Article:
**A 95% confidence interval establishes a 95% probability that the actual population parameter lies within our computed range.** This confidence level is among the most commonly used, offering a high degree of assurance while setting a standard for reliability in many research fields. Adopting a 95% confidence level reflects a commitment to robustness and accuracy in findings, necessitating a larger sample size than lower confidence intervals but justifying this with a strong level of confidence in the results obtained.

**The Z-score for a 95% interval is approximately 1.96.**

## How to calculate the Z-score for 95% confidence interval

A Z-table provides the area (probability) to the left of a Z-score in a standard normal distribution. Here’s how to use it for a 95% confidence interval:

**Determine Tail Areas:**Since a 95% confidence interval means 95% of the data is within the interval, there’s 2.5% of the data in each tail of the distribution (100% – 95% = 5%, divided by 2 because there are two tails).**Calculate Cumulative Area:**For a 95% confidence interval, we want the area to the left of the Z-score to include half of the tail area, plus the confidence interval itself. This equals**0.975**(95% confidence + 2.5% tail).**Find the Z-score in the Z-table:**Look up the area closest to 0.975 in the Z-table. The Z-score that corresponds to this area is approximately**1.96**. This is the value that indicates our data point is 1.96 standard deviations from the mean.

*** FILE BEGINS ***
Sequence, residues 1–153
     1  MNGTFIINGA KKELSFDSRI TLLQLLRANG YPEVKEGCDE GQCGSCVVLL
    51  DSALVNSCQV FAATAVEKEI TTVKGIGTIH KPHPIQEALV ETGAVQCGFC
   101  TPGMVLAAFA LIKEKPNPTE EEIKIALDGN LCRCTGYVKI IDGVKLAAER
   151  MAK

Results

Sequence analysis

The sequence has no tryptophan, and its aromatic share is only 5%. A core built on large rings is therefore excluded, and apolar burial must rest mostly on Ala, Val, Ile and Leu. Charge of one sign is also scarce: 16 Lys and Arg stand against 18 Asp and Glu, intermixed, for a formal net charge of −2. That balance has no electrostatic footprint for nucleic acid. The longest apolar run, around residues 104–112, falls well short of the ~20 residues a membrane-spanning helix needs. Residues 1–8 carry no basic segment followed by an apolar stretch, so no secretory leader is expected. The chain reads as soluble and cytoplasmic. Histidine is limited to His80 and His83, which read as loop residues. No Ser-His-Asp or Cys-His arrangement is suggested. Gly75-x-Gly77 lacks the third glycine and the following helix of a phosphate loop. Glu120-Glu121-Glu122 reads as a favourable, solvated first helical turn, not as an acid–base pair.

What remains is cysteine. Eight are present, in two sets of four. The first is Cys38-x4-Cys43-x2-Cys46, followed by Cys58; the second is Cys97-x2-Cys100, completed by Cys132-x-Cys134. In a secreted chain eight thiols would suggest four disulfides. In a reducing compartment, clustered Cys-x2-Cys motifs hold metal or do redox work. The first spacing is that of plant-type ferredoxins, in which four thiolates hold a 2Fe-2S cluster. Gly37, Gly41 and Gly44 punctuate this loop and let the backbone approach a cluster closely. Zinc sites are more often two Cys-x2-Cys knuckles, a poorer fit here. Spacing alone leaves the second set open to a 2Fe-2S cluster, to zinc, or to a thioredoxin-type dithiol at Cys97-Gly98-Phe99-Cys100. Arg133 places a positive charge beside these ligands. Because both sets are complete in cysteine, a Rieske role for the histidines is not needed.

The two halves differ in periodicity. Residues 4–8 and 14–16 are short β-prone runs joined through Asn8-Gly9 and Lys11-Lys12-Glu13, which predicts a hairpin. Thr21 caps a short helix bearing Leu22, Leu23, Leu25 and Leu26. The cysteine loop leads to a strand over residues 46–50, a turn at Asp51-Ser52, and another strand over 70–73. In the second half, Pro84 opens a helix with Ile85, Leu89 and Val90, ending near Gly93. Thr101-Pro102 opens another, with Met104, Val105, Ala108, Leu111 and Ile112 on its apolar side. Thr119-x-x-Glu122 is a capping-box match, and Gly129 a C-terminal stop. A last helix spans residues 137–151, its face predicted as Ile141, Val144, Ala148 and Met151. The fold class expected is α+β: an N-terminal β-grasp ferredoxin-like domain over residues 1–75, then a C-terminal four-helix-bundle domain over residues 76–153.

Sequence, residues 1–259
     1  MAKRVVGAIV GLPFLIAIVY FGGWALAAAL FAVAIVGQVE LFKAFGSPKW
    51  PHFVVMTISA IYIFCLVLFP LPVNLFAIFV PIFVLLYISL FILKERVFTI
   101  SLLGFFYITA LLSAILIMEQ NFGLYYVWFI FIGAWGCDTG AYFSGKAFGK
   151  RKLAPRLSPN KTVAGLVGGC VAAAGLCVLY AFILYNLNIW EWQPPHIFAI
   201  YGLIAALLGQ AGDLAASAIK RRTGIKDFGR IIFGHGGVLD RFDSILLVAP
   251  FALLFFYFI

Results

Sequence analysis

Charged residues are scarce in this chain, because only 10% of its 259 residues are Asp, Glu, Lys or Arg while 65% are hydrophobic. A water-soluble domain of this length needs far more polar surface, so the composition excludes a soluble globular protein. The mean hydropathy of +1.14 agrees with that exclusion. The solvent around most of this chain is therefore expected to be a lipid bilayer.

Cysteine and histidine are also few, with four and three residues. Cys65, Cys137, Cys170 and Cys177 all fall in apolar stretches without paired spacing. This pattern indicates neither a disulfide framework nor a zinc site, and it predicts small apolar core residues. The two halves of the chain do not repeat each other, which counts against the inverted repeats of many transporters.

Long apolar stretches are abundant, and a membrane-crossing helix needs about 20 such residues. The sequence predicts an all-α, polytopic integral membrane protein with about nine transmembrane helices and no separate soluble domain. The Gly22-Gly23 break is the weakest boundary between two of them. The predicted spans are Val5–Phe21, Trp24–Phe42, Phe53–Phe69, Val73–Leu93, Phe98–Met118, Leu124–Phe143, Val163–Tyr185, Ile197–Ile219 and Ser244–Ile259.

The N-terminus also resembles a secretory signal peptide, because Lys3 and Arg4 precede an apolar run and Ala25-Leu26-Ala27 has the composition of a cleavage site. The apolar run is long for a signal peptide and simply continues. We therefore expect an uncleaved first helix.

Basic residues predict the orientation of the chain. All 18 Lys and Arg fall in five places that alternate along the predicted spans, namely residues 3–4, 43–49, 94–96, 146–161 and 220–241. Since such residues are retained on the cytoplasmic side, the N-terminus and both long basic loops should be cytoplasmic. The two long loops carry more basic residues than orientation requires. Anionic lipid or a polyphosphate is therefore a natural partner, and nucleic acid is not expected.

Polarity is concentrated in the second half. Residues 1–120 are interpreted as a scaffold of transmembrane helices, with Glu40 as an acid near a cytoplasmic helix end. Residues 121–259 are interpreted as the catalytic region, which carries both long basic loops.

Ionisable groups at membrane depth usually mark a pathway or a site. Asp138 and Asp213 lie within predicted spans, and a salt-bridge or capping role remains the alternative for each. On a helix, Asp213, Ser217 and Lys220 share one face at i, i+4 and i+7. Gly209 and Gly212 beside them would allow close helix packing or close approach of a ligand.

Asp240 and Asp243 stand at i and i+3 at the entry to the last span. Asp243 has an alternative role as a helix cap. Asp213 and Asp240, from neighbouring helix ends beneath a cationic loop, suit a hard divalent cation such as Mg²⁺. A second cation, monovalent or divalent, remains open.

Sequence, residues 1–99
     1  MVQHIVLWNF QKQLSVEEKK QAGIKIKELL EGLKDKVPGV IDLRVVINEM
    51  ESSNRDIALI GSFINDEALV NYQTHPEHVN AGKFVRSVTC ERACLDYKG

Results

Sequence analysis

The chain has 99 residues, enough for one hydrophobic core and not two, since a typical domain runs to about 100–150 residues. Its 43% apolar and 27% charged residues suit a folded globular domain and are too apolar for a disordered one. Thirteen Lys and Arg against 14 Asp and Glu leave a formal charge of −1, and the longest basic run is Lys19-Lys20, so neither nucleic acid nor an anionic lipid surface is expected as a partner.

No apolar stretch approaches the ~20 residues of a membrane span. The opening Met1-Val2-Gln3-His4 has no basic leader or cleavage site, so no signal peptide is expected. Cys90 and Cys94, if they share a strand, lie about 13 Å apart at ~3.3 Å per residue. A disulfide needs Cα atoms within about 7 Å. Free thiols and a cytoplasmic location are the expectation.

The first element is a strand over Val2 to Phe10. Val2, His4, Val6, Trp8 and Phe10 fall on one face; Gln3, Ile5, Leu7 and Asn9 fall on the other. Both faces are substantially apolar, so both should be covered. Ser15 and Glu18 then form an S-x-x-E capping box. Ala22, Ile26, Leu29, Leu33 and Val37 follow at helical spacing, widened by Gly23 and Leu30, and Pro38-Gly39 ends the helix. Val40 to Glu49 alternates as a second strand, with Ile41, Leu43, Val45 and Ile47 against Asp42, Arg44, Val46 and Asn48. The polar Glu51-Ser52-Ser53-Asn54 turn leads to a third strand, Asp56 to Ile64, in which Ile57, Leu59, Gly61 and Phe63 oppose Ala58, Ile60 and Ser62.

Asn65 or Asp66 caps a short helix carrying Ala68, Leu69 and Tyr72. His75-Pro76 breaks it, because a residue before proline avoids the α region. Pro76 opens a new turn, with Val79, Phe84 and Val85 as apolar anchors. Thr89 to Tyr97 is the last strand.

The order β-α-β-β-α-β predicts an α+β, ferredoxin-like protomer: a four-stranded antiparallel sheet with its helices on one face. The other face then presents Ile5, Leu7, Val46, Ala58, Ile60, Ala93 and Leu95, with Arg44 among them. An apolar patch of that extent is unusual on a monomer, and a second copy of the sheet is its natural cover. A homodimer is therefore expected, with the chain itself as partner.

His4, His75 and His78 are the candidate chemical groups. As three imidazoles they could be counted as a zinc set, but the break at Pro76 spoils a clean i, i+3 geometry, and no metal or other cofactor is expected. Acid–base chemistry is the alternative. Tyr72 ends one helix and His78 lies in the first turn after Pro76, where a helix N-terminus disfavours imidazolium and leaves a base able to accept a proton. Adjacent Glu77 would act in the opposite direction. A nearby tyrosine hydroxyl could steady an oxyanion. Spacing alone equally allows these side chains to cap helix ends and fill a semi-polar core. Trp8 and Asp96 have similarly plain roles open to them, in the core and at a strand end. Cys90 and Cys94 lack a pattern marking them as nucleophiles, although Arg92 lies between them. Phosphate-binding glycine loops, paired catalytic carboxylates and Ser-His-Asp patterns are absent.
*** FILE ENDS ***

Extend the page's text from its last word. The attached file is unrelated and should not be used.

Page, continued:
Below is a Z-table and how it was used to identify the Z-score for a 95% confidence interval.